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6. Class of 2016. If y’all would’ve told me that I would enter grad school and then spend a year working my butt off to earn 36 hours of credit to graduate and do it all in 3 semesters and 2 sessions of summer school, I would’ve laughed. Because it sounds like a joke. It sounds like it can’t be done. I posted a picture today of me and my dad when I was probably 2 or 3 years old. I’m sitting in the front seat, wearing a sweatsuit decorated with OU all over it. I had to work hard to get good grades in school. I had to work hard to show myself approved. My dad and mom both can attest to this. When I was a Junior in High School, I had to sit in my guidance counselor’s office at the end of the year to prep my schedule and talk about college planning. My mom was with me and little did we know that we would sit there in that office with our mouths hanging open in disbelief. My guidance counselor had the audacity to hear my college plans, which I was so happy and excited about, and tell me that I wasn’t smart enough for college and that I should probably lower my standards. I couldn’t believe it. I was so sad. I felt defeated and had to go through a whole freaking year with this woman as my counselor. My mom walked with me to the car that afternoon and sat and cried with me. She then proceeded to do as she always had done…build me up. “Lindsay, don’t listen to that. You are smart. You work so hard. You are beautiful and you CAN and WILL DO whatever it is that God has for you, I have no doubt! Don’t you dare let one person determine your course. I can’t believe she said that. OUTLOUD. You’re going to college. You will graduate and you will do great things”. I went my entire senior year with that statement silently hanging over my head. It took me close to 7 or 8 years to finish my undergraduate degree. It took me 7 or 8 years to figure out what it was I was called to. I am so glad I stumbled into counseling. And knowing that in a short amount of time, I will be a Masters degreed female in the mental health field feels like a triumph in and of itself. This journey hasn’t been easy. Actually, it’s been really tough. It’s had it’s moments of pure bliss, but also sadness. You never really notice how alone you are until you’re 2 hours away from home, without your tour guide (my dad). But you wake up and you face the day. You don’t let the worry or fear of not having everything together stop you. You position yourself for what God wants to do and let Him move. I have been proud a few times in my life for different achievements throughout my life, but for picking up, moving to a new place, knowing no one and finding where I fit… I am so PROUD of this moment. I have learned what it means to stand by myself, to stand for what I believe in, to show the Love of Jesus when it would be easier to blend into the wallpaper, and I will never look back at this moment and despise it. I will always look back in thankfulness and love and absolute happiness. I hope that when I get married and have children that I can share this with my daughter (or daughters) and tell her that she doesn’t have to be scared about the future, but she can look at it with pride and joy. Moms and dads wait for the moments where they can share their experiences with their children. If you haven’t lately, you should. Your kids are waiting for your stories and your input in their lives. Share.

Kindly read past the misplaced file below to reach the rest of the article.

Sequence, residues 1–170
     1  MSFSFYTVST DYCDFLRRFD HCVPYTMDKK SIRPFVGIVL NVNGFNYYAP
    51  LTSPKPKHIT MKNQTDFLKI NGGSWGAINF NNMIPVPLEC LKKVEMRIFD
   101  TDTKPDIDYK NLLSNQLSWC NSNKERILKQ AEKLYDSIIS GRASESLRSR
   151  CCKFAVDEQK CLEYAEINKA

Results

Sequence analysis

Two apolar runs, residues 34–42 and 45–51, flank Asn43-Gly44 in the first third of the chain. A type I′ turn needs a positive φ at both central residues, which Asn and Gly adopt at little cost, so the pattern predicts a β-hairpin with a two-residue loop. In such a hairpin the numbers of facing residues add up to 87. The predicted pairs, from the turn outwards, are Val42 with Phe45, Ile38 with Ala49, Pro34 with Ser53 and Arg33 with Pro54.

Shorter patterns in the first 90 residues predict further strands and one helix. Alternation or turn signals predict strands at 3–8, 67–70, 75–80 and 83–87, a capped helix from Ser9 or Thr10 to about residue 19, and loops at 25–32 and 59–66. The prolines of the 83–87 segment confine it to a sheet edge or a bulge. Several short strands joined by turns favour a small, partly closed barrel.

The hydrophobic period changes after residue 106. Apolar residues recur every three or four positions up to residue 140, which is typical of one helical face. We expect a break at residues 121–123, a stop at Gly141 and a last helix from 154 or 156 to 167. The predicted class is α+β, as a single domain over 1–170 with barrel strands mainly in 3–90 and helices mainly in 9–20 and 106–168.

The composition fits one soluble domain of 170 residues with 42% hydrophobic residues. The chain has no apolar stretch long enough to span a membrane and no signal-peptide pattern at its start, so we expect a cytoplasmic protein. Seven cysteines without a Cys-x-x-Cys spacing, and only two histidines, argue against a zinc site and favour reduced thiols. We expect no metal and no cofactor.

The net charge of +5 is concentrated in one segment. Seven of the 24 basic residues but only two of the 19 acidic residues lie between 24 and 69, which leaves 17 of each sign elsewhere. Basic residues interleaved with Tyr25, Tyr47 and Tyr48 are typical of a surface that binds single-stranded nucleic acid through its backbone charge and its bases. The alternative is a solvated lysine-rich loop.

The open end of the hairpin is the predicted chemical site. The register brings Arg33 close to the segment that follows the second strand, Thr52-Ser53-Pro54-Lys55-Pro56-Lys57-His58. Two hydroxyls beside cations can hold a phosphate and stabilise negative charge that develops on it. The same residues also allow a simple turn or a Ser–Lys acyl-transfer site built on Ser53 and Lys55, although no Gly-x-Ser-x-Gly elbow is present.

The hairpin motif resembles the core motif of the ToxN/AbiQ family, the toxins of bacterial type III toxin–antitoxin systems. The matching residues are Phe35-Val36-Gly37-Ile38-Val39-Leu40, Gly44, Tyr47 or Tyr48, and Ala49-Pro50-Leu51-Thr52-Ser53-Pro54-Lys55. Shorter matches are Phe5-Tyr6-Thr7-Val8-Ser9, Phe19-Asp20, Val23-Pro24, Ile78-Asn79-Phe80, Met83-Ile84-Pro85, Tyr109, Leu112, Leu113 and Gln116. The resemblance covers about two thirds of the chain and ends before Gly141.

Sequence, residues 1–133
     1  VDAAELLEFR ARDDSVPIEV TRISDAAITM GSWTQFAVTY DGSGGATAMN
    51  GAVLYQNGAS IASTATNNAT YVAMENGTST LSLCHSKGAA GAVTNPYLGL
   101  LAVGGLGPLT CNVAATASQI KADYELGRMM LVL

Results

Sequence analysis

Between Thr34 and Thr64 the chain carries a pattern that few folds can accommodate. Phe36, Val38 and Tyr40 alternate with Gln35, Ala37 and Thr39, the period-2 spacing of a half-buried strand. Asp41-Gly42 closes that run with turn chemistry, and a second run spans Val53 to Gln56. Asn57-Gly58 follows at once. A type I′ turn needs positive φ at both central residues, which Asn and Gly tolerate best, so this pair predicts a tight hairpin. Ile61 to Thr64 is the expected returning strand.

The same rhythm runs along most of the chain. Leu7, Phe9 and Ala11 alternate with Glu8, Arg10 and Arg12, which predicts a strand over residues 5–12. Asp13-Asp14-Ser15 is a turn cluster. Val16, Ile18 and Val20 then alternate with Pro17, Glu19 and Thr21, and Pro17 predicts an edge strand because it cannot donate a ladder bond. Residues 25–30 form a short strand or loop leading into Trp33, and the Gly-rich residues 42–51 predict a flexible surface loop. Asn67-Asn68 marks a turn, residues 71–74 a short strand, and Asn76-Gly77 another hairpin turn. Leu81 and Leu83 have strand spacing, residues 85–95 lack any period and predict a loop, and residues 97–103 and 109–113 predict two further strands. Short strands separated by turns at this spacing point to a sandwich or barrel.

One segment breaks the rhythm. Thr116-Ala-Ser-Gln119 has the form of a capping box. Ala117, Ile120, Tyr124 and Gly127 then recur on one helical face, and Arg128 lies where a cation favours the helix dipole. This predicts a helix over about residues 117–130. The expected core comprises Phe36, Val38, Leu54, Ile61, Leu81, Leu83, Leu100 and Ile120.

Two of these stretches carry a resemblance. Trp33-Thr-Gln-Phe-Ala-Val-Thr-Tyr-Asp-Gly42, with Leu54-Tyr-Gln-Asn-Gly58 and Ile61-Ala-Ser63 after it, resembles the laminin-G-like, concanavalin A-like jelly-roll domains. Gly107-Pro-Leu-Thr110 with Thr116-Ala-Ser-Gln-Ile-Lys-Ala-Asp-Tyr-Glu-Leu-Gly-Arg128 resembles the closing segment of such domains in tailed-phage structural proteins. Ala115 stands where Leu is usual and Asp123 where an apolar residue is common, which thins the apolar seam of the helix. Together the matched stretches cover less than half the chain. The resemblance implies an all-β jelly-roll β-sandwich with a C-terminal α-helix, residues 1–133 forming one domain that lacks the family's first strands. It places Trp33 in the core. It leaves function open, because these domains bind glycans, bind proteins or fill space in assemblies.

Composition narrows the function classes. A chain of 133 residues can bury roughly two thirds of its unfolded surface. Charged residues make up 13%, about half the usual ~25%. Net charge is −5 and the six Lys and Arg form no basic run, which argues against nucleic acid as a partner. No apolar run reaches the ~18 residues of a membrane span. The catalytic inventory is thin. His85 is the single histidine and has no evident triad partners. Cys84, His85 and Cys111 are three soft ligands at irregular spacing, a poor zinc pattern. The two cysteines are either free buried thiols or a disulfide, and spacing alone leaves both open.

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I am thankful for this season I’m in. And I’m thankful for each of you. Thank you for journeying with me. And thank you for your prayers, your encouragement, and your love. It means more than you’ll ever know.